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Comment: Re:Red Queen (Score 1) 116

by MrKaos (#48477511) Attached to: How the Pentagon's Robots Would Automate War

The 2013 military budget was 17.7%.

We'd certainly be much better off as a race if we all got along and worked toward the common good. Any brilliant ideas how to keep people from killing each other en mass over territory, religion, ideology, etc? If so, there's a Nobel Peace Prize with your name on it.

I think survival and the demise of the baby boomers will be the main drivers. A return to diplomacy I think would be the most simple way forward, however politicians are so concerned about looking weak that they have no ideas on how to be wise. Modern media is completely vapid because its job is to conceal the realization that our society has forgotten the deeper values that were it's foundations.

It is like eating fast food all the time and expecting to be satisfied, you can eat it often when you are kid but when you grow up you really want to eat a steak.

Comment: Re:Hmmm ... (Score 1) 448

by MrKaos (#48463257) Attached to: The Schizophrenic Programmer Who Built an OS To Talk To God

TempleOS is actuall a fun thing to play with. It's not replacing anyone's everyday work space, but... sometimes it's fun to turn a modern computing machine into a Commodore64 like environment.

Yeah, I installed it on a VM to have a look out of curiosity. I tried the programs and its odd syntax which was kind of entertaining. The author is a poster on /. and it was one of his posts that led me to the OS.

It's like programming in brainfuck, an interesting diversion but nothing you would commit any time to because you realize there is no practical use for it.

Except for talking to God, for which it is exceptional.

Comment: Re:caesium 137 bioaccumulates (Score 1) 114

by MrKaos (#48455447) Attached to: Fukushima Radiation Nears California Coast, Judged Harmless

Sorry, but the level of ignorance is expecting one chemical to behave exactly like another when chemistry shows us that they don't.

Sure, however I'm not doing that. I'm expecting that organisms, in general, absorb micronutrients with their metabolic processes and that in some, but not all cases, a radionuclide "analogues" a type of micronutrient when presented to a metabolism.

Essentially, I'm expecting organisms to conduct metabolic processes and I'm as concerned with how biota interacts with radionuclides as much as humans and animals.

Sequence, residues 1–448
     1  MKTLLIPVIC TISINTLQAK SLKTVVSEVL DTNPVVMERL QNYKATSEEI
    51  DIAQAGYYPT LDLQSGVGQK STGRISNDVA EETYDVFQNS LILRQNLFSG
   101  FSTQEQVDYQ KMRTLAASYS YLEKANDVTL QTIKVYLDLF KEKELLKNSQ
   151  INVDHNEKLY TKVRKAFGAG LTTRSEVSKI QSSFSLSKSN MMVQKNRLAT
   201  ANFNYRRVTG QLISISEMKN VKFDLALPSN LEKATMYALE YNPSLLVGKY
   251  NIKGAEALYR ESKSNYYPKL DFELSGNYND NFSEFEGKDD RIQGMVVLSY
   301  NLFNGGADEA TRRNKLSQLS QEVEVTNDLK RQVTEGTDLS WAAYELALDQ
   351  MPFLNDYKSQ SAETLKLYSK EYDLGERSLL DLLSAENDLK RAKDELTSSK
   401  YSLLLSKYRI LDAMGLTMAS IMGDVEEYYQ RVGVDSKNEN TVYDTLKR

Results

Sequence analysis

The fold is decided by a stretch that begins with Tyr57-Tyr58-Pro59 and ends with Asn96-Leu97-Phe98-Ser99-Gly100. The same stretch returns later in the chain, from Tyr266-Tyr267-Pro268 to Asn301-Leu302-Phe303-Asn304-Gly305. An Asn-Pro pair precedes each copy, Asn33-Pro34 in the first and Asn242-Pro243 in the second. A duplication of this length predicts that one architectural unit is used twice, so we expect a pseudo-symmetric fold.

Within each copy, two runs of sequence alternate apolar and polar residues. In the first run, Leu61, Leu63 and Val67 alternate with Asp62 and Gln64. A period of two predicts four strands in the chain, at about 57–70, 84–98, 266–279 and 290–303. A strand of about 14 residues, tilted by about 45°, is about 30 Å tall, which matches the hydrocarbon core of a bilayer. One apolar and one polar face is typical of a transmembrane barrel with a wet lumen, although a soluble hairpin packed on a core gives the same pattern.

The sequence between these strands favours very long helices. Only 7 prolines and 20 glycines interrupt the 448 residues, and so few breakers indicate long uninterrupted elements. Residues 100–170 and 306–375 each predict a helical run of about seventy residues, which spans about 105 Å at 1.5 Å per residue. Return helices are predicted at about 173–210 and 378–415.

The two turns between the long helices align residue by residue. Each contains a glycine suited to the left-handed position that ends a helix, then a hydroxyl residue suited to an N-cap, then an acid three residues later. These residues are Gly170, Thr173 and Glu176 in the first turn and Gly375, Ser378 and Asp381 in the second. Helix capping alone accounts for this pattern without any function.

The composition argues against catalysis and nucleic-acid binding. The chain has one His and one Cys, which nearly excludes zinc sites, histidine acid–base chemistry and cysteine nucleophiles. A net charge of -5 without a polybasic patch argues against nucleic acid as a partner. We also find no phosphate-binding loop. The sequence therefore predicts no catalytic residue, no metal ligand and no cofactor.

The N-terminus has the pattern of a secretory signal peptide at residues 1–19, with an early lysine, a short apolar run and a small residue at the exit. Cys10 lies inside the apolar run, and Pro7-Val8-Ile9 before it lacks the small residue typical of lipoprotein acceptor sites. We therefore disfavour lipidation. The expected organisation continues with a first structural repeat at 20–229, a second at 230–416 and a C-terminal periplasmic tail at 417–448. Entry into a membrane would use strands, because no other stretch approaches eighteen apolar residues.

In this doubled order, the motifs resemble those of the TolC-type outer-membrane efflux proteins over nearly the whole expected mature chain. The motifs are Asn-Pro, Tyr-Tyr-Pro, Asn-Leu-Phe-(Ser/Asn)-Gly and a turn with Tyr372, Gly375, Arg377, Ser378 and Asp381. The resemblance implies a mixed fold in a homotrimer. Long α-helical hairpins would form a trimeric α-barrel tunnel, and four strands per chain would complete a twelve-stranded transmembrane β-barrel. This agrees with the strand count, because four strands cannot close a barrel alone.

Cesium is a Potassium analog in the body and seeks muscle mass as the main potassium channel. It has a biological half life from 30-110 days depending on which study you read.

Iodine131 is taken up in the thyroid. Even with no KI treatment, 30-40 days later it has all gone away from radioactive decay.

The microgram quantity for Pu-239 being lethal is due to the fact it is an energetic alpha emitter, has a long radiological half life, and it is a calcium analog so it seeks the bones and stays in a body for 50 years.

That's interesting. My information was that pu-239 was an iron analogue, that it's chloride was highly water soluble and its oxide states were an inhalant. It would be unsurprising if it is more complex.

The safe concentrations of various nuclides depends on their half life, the energy of the radiation they give off, and whether they retain in the body (does your body use this chemical).

Yes, that was what I also understood.

Cobalt-60, the most common radionuclide hazard in operating light water reactor power plants has a radiological half life around 5 years... but it isn't retained in the body well at all and will be eliminated in 7-10 days.

Well, I am more concerned with how many other effluents of the Nuclear industry processes are making their way into the environment. However, with respect, whilst the use of radioactive materials in medicine is important, I don't think it's just Human biology we should be looking at.

I also think we should be trying understand how these radionuclides interact with the foodchain as a whole. For example, what stops trees from rotting in the forest around Chernobyl?. I am really interested in understanding if it destroys the fungi there, and for how long? I think we are underestimating the importance of that.

I'd like to see more effort to gather data on Fukushima's effluents instead of having media blackouts from the Japanese government. I think this is an international concern now, if that's how plutonium behaves on the earth, what does it do in the ocean?

Especially, when we are talking about all of the industrial effluents from fuel cycle, just how many other effluent/analogues are out there?

If anyone wants to tell you different, check to see if they can put the title "Health Physicist" beside their name. That is who you go to for a complete and factual answer. (Often with more math than you really needed)